Andy Shih, Ph.D. is the Vice President of Scientific Affairs at Autism Speaks, where he oversees the etiology portfolio, which includes research in genetics, environmental sciences, and epidemiology. He was responsible for the formation and development of Autism Speaks sponsored international autism research collaborations, the Autism Genome Project and the Baby Siblings Research Consortium. Andy also leads Autism Speaks’ international scientific development efforts, such as the Global Autism Public Health Initiative (GAPH). Andy joined the National Alliance for Autism Research (NAAR) in 2002.
Prior to joining NAAR, Andy had served as an industry consultant and was a member of the faculty at Yeshiva University and New York University Medical Center. He earned his Ph.D. in cellular and molecular biology from New York University Medical Center.
Andy’s research background includes published studies in gene identification and characterization, virus-cell interaction, and cell-cycle regulation. He was instrumental in the cloning of a family of small GTPases involved in cell-cycle control and nuclear transport, and holds three patents on nucleic acids-based diagnostics and therapeutics. Andy is a resident of Queens, where he lives with his wife, daughter and son.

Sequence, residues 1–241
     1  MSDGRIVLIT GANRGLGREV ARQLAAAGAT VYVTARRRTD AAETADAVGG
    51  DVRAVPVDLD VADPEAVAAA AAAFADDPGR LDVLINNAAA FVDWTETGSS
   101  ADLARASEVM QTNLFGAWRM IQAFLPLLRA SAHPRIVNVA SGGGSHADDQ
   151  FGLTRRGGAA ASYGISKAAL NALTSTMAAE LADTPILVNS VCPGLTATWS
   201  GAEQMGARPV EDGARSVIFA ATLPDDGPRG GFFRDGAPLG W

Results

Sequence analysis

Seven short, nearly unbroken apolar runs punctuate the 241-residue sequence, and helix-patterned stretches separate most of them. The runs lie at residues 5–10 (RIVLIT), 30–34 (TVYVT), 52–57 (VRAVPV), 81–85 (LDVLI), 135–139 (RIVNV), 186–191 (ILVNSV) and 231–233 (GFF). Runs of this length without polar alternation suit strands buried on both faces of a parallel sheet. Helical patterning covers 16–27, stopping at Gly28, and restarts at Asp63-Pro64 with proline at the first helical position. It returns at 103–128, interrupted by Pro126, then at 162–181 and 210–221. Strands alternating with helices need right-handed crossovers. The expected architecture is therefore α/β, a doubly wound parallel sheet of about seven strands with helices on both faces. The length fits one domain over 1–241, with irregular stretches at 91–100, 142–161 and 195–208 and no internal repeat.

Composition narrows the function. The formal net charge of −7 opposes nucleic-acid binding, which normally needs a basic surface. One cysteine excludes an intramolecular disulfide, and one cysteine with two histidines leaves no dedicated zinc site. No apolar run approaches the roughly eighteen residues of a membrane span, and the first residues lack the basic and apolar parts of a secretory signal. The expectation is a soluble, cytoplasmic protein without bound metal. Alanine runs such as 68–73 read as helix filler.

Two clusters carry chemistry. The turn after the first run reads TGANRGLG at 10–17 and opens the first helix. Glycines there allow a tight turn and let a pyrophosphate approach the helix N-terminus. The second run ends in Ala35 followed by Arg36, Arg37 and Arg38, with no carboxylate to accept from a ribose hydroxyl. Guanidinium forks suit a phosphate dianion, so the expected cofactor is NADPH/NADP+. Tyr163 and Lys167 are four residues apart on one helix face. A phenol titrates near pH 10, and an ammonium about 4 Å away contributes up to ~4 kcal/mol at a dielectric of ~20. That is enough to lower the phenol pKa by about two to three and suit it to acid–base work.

Michael Rosanoff, MPH, is a member of Autism Speaks etiology team and manages the organization’s epidemiology and public heath research grants. Since joining the organization in 2007, Michael has been the staff lead in overseeing the International Autism Epidemiology Network (IAEN) and is part of the development team for the Global Autism Public Health Initiative (GAPH). He is also a member of Autism Speaks Grants Division, helping oversee the administration of the organization’s grant-making process for research.
Prior to joining Autism Speaks, Michael conducted independent research at the Gertrude H. Sergievsky Center, a clinical, epidemiological and genetic research center at Columbia University Medical Center focused on developmental disorders of the nervous system. His research background is in genetic and psychiatric epidemiology as well as behavioral neuroscience and neuroimmunology, with publications in the fields of epilepsy and depression. Michael earned his Master of Public Health (MPH) in epidemiology from Columbia University’s Mailman School of Public Health and resides in N.J.